More than 1000 space leaders including NASA representatives and the president of the Italian Space Agency are in Adelaide today for an industry forum as the local sector continues to gain momentum.
Prime Minister Scott Morrison began the day by officially opening the new Australian Space Agency headquarters at the Lot Fourteen innovation precinct.
The Federal Government announced at the International Astronautical Congress held in Adelaide in September 2017 that a national agency would be established.
An Australian Space Discovery education centre and $6 million Mission Control to monitor orbiting spacecraft were added to the plan in March 2019 and are expected to open in Adelaide next year.
“The Australian Space Agency is central to my Government’s vision to secure more jobs and a larger share of the growing space economy – forecast to be over $1 trillion in size around the globe by 2040,” Prime Minister Morrison said.
“Space captures the imagination and inspires us all. It develops new technologies that improve life on Earth and it offers huge economic and job opportunities.
The agency moved into its headquarters on the former Royal Adelaide Hospital site in December with the opening timed to coincide with today’s 9th Australian Space Forum, which focuses on key areas of national and international space trends, research and development, education and access to space.
In its ninth year, the forum has grown from just 110 attendees in 2016 to more than 1000.
South Australian Space Industry Centre Chief Executive Richard Price said the space forum continues to attract growing interest locally and internationally and provided a platform to discuss space and its benefits to Australia’s broader economy.
“Strong attendance numbers at today’s Space Forum is a clear indication of the momentum that’s building behind Australia’s space sector,” he said.
“We need to inspire the next generation of space industry leaders to continue the momentum in this exciting sector.”
The Adelaide Convention Centre event features presentations from the Head of the Australian Space Agency Dr Megan Clark, Minister for Industry Science and Technology Karen Andrews, Italian Space Agency President Dr Giorgio Saccoccia and a panel facilitated by NASA’s Dr Christyl Johnson.
It also includes a trade hall where a record number of 40 exhibitors are promoting space industry products and services.
DEWC Systems is a South Australian company developing electronic warfare solutions for Australian Defence, and Damp said that being two South Australian startups allowed them to quickly collaborate to get the launch project off the ground.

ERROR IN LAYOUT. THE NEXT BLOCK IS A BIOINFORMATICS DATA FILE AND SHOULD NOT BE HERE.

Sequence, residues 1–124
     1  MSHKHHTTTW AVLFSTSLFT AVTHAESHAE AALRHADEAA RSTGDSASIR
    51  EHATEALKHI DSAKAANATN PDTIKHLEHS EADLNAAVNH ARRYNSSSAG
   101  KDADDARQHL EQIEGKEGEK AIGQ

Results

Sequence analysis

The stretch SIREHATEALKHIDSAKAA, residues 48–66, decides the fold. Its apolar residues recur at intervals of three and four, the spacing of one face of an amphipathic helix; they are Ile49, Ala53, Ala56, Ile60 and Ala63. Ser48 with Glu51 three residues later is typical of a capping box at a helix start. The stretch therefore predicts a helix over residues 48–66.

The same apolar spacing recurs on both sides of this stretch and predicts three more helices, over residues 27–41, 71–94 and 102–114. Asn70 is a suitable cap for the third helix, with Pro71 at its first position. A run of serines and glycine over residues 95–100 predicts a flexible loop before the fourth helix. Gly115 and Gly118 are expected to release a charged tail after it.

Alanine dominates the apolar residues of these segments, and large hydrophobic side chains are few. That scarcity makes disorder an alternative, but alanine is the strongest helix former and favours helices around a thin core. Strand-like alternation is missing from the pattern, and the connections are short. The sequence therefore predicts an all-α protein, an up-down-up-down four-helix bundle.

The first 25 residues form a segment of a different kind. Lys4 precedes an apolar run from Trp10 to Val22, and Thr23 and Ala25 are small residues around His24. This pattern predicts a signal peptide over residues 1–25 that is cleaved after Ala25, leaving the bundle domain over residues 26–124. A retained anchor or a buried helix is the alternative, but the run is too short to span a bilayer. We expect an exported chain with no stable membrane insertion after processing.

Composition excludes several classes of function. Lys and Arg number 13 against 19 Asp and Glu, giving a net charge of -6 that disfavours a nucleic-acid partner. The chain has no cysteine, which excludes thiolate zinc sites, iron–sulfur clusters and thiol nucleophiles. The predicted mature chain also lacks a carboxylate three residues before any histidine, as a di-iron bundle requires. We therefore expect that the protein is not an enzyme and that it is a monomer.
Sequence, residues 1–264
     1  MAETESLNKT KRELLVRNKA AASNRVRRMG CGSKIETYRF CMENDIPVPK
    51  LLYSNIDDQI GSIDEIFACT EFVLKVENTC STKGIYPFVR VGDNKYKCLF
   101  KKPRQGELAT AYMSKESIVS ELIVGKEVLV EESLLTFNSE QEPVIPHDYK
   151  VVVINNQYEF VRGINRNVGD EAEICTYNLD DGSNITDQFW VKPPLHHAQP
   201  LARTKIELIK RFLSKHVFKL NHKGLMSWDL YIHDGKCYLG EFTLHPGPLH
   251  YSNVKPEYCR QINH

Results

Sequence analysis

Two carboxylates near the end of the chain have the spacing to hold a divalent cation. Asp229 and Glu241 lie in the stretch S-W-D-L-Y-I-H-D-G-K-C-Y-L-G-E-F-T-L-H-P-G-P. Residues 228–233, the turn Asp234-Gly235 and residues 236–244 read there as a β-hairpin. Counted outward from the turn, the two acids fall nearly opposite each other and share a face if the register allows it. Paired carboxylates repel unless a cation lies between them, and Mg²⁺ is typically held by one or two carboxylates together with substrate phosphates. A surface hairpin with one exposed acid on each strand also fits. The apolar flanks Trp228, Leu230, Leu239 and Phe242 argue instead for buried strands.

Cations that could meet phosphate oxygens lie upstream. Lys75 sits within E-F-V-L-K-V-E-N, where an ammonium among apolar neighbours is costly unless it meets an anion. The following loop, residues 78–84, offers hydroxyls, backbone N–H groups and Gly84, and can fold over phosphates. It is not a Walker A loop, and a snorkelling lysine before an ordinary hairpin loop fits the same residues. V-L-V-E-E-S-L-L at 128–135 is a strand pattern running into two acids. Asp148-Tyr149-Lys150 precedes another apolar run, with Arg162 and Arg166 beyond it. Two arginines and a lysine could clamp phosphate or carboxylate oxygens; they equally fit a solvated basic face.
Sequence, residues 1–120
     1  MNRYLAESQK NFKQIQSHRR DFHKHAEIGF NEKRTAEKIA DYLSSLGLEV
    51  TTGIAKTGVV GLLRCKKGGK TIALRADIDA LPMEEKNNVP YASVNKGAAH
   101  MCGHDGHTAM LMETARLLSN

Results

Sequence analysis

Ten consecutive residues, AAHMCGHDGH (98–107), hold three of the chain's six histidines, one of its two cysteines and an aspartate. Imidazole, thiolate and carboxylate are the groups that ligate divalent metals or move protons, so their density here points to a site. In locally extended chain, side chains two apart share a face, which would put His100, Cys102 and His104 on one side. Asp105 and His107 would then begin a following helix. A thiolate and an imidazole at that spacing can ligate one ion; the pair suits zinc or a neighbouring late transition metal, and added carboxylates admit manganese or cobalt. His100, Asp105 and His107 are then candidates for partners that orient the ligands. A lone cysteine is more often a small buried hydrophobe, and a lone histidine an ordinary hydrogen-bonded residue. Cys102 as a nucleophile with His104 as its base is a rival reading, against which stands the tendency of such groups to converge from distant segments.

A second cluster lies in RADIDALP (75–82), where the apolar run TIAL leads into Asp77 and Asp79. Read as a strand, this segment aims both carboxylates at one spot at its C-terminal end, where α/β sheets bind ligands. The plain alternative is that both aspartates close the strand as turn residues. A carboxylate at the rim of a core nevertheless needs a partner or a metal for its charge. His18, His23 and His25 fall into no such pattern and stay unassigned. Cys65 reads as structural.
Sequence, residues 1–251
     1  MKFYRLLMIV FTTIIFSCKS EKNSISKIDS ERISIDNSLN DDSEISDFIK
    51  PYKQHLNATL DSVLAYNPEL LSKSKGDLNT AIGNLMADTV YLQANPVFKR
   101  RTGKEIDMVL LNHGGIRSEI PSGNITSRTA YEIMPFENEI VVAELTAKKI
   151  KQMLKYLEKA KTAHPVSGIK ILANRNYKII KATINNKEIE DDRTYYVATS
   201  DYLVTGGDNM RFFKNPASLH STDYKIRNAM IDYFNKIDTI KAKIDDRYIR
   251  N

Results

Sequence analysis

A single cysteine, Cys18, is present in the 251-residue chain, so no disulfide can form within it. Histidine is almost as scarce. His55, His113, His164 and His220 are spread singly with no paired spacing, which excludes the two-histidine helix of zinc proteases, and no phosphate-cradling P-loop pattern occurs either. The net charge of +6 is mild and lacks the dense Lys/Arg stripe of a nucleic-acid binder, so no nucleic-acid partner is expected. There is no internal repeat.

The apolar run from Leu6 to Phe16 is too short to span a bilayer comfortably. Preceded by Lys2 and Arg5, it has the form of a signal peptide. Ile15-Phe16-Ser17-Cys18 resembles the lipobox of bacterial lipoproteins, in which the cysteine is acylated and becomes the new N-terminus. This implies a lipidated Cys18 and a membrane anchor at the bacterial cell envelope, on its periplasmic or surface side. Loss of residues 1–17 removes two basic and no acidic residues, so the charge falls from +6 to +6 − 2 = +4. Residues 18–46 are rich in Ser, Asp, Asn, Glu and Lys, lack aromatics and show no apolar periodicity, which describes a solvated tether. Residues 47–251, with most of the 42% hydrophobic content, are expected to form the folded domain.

“Having a Space Agency creates a focal point for both international and domestic companies to come together and have those really important discussions about how to create something far bigger,” Damp said.
Australian Minister for Industry, Science and Technology Karen Andrews said Australia’s space sector has gone from strength to strength since the establishment of the Australian Space Agency. Minster Andrews said.
“Space is inspirational but it’s also big business. We’ve set the goal of tripling the size of the sector in Australia to $12 billion and adding an extra 20,000 jobs by 2030,” Minster Andrews said.
“But beyond that, space will create opportunities for core industries – from manufacturing to mining – to tap into new supply chains.”
Lot Fourteen also houses other space industry participants including the SmartSat CRC and CSIRO.
The SmartSat Cooperative Research Centre was also officially opened at Lot Fourteen today. The $245 million research initiative that brings together more than 100 national and international partners this week announced some of the first projects for the group, initially focusing on Bushfire disasters, satellite water monitoring and improving Australia’s communications.
SmartSat will join forces with NASA, the Australian Maritime Safety Authority, CSIRO and Adelaide industry partner Safety from Space to work on the projects.
“Critical communications infrastructure is often damaged during a major fire incident, which may complicate rescue efforts and put lives at further risk,” SmartSat chief executive officer Professor Andy Koronios said.
“We are meeting with NASA this week to discuss a project that will adapt existing emergency beacon technologies into a form of miniaturised satellite radio, connected into a national incident data management system that will deliver a complete, real-time picture of disaster zones and ensure reliable communication for individuals and communities in danger.”
SmartSat CRC is Australia’s largest ever space research program. It was established last year to work with the Australian Space Agency to contribute to the Australian Government’s goal of tripling the size of the space sector to $12 billion and creating up to 20,000 jobs by 2030.
Originally published in The Lead.